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06 Jul 2016

Will Brexit affect the GDPR? Whatever direction the UK takes, businesses must consider what is sensible and overall good security practice, as cybercrime isn’t going away.

Whichever view people of the UK had, it seems that many didn’t anticipate the result of the referendum. Neither result would have provided complete clarity in the direction the UK is heading, but one thing we did know is that the EU General Data Protection Regulations are in position to be applied in May 2018 and EU businesses need to prepare for the transition right away.

Many of you are aware of the GDPR, but to quickly explain for others, this is a set of regulations passed by the European Commission to unify data protection across the European Union and strength the regulation. It was going to replace the UK’s Data Protection Directive from 1995, which is also an important factor of the EU privacy and human rights law.

The historic referendum results came in and Brexit was the chosen path by a majority. Many questions are now being asked about the economy, investments, trade and future relationships, but a key question we need to address is:

If the UK is no longer part of the EU, do we have to worry about the regulations when they are enforced in Europe?

Whilst the Government still needs to invoke Article 50 and then has 2 years to negotiate our new relationship with the EU; it was suggested that a 24-month preparation period would be needed to comply with the new data security regulation in 2018 so we don’t have time to ‘wait to see what happens’ first.

Not surprisingly, it hasn’t taken long for comment to surface from organisations such as the ICO with some strong and thought provoking points.

Safeguarding data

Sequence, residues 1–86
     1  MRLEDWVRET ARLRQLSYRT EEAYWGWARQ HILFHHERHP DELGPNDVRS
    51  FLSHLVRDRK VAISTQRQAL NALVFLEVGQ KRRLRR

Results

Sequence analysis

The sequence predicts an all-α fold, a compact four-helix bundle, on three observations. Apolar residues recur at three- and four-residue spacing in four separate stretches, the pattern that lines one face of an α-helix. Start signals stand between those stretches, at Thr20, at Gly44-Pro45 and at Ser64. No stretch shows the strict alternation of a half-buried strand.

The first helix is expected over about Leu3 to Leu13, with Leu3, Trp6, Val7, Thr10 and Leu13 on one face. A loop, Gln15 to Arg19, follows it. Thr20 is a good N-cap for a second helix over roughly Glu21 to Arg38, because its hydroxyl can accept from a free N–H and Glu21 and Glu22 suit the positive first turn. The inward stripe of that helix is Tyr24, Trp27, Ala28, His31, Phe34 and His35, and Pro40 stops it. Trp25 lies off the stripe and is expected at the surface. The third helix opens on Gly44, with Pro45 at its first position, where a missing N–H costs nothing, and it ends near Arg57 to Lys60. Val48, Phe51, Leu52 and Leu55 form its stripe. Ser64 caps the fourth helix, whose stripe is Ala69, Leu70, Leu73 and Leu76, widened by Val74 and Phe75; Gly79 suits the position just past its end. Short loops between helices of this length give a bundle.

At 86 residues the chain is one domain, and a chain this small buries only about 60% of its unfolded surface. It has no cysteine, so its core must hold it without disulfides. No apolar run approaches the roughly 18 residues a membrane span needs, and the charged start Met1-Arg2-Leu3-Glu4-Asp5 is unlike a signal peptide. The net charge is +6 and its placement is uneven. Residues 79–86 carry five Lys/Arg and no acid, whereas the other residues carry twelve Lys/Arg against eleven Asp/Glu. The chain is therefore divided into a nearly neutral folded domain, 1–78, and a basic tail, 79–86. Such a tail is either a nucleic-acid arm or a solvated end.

At the annual report launch on 28 June 2016, Information Commissioner Christopher Graham updated the ICO statement:

“Over the coming weeks we will be discussing with Government the implications of the referendum result and its impact on data protection reform in the UK. With so many businesses and services operating across borders, international consistency around data protection laws and rights is crucial both to businesses and organisations and to consumers and citizens. The ICO’s role has always involved working closely with regulators in other countries, and that will continue to be the case.

Having clear laws with safeguards in place is more important than ever given the growing digital economy, and we will be speaking to government to present our view that reform of the UK law remains necessary.”

The ICO has hit the nail on the head. UK organisations will continue to grow reliance on digital efficiencies to expand their business and cyber criminals will continue to evolve their techniques. Therefore we need to reform our data protection regulations to recognise these changes and help businesses to reduce the risk of being attacked resulting in a loss of important data that gets into the wrong hands. We still need to work with other countries in this battle (in and outside of the EU) – the more information we have, the more we can understand trends and be better informed to mitigate the risk of criminal success. The GDPR is a great starting point and most current regulation we have access to.

Maintaining competitive edge – in or outside of the UK

‘Speaking on how this might affect the General Data Protection Regulation (GDPR), Michael Hack, senior vice president of EMEA operations at Ipswitch, told SCMagazineUK.com:

“Now the UK is out it will be governed by a different data protection regime, but it will still need to adhere to suitable data protection measures in order to transfer data to and from the EU. So in many regards, the requirements of the GDPR will still apply and it is back to the business of preparing for it, then.”